Discuss FDA and/or clinical practice guidelines approved pharmacological treatment options in relation to acute and mixed episodes vs maintenance pharmacological treatment for your chosen bipolar and related disorder
Of the medication treatment options for your chosen disorder discuss side effects, FDA approvals and warnings. What is important to monitor in terms of labs, comorbid medical issues with why important for monitoring
Provide 3 examples of how to write a proper prescription that you would provide to the patient or transmit to the pharmacy.
Note: Support your rationale with a minimum of five academic resources. While you may use the course text to support your rationale, it will not count toward the resource requirement. You should be utilizing the primary and secondary literature.

Resources: 

  • Stahl, S. M. (2021). Stahl’s essential psychopharmacology: Neuroscientific basis and practical applications (5th Ed.) Cambridge University Press.
    • Chapter 7, “Treatments for Mood Disorders: So-Called “Antidepressants” and “Mood Stabilizers” (pp. 338-358)
  • American Psychiatric Association. (2010b). Practice guideline for the treatment of patients with bipolar disorder (2nd ed.)https://psychiatryonline.org/pb/assets/raw/sitewide/practice_guidelines/guidelines/bipolar.pdf
  • Chen, R., Wang, H., Shi, J., Shen, K., & Hu, P. (2015). Cytochrome P450 2D6 genotype affects the pharmacokinetics of controlled-release paroxetine in healthy Chinese subjects: Comparison of traditional phenotype and activity score systems. European Journal of Clinical Pharmacology, 71(7), 835–841. https://doi.org/10.1007/s00228-015-1855-6
  • Hirschfeld, R. M. A. (n.d.). Guideline watch: Practice guideline for the treatment of patients with bipolar disorder (2nd ed.).  https://psychiatryonline.org/pb/assets/raw/sitewide/practice_guidelines/guidelines/bipolar-watch.pdf
  • Vitiello, B. (2013). How effective are the current treatments for children diagnosed with manic/mixed bipolar disorder? CNS Drugs, 27(5), 331–333. https://doi.org/10.1007/s40263-013-0060-3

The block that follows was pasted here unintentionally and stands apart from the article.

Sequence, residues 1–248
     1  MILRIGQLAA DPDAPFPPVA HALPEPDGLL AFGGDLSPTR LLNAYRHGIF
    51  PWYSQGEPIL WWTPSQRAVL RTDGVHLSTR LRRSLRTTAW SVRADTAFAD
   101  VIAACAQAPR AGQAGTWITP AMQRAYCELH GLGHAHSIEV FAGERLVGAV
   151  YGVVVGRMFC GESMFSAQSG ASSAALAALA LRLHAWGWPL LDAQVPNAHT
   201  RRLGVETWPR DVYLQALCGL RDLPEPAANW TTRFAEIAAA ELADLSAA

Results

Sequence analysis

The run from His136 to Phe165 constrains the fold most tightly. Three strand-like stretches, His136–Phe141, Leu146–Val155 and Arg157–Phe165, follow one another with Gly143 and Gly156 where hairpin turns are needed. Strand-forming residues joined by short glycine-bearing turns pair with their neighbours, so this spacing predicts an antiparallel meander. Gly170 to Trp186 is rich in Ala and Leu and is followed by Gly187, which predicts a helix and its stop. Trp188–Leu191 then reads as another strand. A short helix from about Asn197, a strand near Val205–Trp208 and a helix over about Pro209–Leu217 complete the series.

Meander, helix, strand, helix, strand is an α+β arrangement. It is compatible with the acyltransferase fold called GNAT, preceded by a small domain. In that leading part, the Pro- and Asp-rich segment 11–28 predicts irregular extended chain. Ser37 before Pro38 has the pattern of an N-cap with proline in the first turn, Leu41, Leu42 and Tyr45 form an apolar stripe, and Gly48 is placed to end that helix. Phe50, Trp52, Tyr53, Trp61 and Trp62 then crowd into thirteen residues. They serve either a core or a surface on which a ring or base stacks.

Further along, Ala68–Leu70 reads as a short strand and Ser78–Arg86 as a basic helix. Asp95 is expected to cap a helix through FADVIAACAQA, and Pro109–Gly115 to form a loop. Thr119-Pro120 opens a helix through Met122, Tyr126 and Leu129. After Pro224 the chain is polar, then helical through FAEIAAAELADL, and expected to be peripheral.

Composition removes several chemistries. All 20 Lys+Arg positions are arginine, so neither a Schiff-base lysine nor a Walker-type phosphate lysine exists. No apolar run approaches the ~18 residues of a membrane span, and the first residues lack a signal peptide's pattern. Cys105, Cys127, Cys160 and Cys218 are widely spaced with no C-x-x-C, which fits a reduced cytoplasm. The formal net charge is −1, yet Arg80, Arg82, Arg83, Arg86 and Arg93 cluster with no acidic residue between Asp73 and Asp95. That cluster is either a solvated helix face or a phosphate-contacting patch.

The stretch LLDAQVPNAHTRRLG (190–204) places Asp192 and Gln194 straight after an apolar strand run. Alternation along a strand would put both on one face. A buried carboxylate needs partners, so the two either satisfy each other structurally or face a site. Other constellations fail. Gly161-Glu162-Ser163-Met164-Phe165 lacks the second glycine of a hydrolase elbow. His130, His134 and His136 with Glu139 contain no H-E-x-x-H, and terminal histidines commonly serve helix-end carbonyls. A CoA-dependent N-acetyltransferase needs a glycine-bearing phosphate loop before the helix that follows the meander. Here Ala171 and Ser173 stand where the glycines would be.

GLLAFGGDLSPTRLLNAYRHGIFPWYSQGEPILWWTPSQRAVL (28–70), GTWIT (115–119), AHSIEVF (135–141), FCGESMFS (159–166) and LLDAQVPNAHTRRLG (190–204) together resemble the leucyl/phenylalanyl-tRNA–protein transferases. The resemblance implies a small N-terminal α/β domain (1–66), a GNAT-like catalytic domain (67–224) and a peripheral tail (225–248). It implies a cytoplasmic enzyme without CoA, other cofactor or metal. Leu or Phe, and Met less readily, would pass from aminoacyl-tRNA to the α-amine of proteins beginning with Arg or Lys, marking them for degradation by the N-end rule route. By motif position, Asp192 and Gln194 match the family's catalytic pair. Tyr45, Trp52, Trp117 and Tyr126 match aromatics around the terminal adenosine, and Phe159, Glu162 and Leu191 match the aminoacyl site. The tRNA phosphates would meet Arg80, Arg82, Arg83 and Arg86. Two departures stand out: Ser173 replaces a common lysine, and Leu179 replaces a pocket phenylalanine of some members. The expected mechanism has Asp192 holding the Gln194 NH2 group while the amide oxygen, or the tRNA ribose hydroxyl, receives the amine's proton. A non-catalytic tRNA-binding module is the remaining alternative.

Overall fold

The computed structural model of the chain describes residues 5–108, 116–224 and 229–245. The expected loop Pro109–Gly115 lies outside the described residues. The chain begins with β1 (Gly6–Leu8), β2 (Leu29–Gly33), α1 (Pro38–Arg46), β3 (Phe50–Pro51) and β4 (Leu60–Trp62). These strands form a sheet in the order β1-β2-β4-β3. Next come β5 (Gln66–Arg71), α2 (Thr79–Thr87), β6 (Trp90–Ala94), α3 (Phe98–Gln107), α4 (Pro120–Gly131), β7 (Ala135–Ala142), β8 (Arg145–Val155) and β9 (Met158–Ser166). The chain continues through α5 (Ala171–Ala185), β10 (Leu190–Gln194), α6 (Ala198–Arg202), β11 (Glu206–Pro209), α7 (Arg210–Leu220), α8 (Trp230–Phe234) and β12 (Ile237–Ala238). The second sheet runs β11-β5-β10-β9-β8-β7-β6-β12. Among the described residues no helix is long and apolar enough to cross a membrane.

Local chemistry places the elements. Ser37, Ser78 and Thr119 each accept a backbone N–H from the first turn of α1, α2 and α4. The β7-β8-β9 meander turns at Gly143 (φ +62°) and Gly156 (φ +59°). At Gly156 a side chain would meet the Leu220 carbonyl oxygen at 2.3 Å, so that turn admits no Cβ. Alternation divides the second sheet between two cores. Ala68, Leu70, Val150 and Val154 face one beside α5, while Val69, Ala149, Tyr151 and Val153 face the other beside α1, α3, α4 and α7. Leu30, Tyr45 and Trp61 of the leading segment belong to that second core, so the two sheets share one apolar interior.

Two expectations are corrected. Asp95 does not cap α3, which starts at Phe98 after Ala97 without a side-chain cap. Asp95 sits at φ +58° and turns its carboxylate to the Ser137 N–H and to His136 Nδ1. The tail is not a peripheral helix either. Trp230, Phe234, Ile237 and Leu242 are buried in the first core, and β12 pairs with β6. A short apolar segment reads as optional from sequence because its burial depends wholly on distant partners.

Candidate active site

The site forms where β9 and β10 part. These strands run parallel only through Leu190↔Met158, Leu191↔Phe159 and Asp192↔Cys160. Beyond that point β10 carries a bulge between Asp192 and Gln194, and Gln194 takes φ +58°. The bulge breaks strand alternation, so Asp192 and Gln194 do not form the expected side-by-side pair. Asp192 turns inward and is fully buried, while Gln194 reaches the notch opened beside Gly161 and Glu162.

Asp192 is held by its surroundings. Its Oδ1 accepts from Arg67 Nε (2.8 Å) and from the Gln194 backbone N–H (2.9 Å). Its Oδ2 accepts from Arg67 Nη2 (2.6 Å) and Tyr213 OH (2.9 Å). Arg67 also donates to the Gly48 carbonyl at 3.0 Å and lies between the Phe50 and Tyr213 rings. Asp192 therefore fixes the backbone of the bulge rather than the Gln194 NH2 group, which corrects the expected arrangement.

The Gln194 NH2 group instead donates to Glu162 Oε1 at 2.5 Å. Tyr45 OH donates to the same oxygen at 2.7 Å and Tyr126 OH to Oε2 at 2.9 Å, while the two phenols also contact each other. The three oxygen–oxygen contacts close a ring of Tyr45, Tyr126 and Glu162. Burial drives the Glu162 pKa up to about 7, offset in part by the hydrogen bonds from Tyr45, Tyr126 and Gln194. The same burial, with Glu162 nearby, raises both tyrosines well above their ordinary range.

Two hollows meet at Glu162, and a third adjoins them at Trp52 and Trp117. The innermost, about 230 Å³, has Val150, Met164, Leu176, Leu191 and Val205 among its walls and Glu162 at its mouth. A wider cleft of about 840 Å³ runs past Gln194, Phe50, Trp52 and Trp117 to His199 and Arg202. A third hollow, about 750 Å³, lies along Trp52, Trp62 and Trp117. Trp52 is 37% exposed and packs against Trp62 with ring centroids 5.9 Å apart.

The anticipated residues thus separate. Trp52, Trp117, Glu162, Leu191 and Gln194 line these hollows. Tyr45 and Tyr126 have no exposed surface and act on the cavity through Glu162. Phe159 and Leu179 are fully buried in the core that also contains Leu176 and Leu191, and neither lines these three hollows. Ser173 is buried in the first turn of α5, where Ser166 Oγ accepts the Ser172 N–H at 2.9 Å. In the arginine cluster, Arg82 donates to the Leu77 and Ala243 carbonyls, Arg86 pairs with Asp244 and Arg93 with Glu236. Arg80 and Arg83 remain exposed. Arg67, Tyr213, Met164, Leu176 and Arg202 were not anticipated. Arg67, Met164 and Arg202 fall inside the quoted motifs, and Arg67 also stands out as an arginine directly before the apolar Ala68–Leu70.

• U.S. Food & Drug Administration. (n.d.). Drugs@FDA: FDA-approved drugs. https://www.accessdata.fda.gov/scripts/cder/daf/index.cfm

Note: To access the following medications, use the Drugs@FDA resource. Type the name of each medication in the keyword search bar. Select the hyperlink related to the medication name you searched. Review the supplements provided and select the package label resource file associated with the medication you searched. If a label is not available, you may need to conduct a general search outside of this resource provided. Be sure to review the label information for each medication as this information will be helpful for your review in preparation for your Assignments.

Review the following medications:

  • amitriptyline
  • bupropion
  • citalopram
  • clomipramine
  • desipramine
  • desvenlafaxine
  • doxepin
  • duloxetine
  • escitalopram
  • fluoxetine
  • fluvoxamine
  • imipramine
  • ketamine
  • mirtazapine
  • nortriptyline
  • paroxetine
  • selegiline
  • sertraline
  • trazodone
  • venlafaxine
  • vilazodone
  • vortioxetine

 

BUY A CUSTOM PAPER HERE ON; Assignment; Assessing and Treating Patients with Bipolar Disorder

Rubric:

  • • Discuss the differences between your chosen disorder and one other bipolar and related disorders in relation to the diagnostic criteria including presentation of symptoms according to DSM 5 TR criteria.
  • • Discuss special populations and considerations (children, adolescent, pregnancy/post-partum, older adult, emergency care) for your chosen bipolar and related disorder-be specific, not general and address at least one for EACH category demonstrating critical thinking beyond basics of HIPPA and informed consent: legal considerations, ethical considerations, cultural considerations, social determinants of health.
  • • Discuss FDA and/or clinical practice guidelines approved pharmacological treatment options in relation to acute and mixed episodes vs maintenance pharmacological treatment for your chosen bipolar and related disorder • Of the medication treatment options for your chosen disorder discuss side effects, FDA approvals and warnings. What is important to monitor in terms of labs, comorbid medical issues with why important for monitoring.
  • Provides three examples of how to write a proper prescription that would be provided to patient and/or transmitted to pharmacy. Prescription contains date, medication and strength, amount to be taken, route to be taken, frequency, indication, quantity, refills; providers signature.
  • Written Expression and Formatting—Paragraph development and organization: Paragraphs make clear points that support well-developed ideas, flow logically, and demonstrate continuity of ideas. Sentences are carefully focused—neither long and rambling nor short and lacking substance. A clear and comprehensive purpose statement and introduction are provided that delineate all required criteria.
  • Written Expression and Formatting—English writing standards: Correct grammar, mechanics, and punctuation; Includes title page and reference page with a minimum of 3 scholarly supporting resources outside of course provided resources; Paper is 5-6 pages not counting title page and reference page.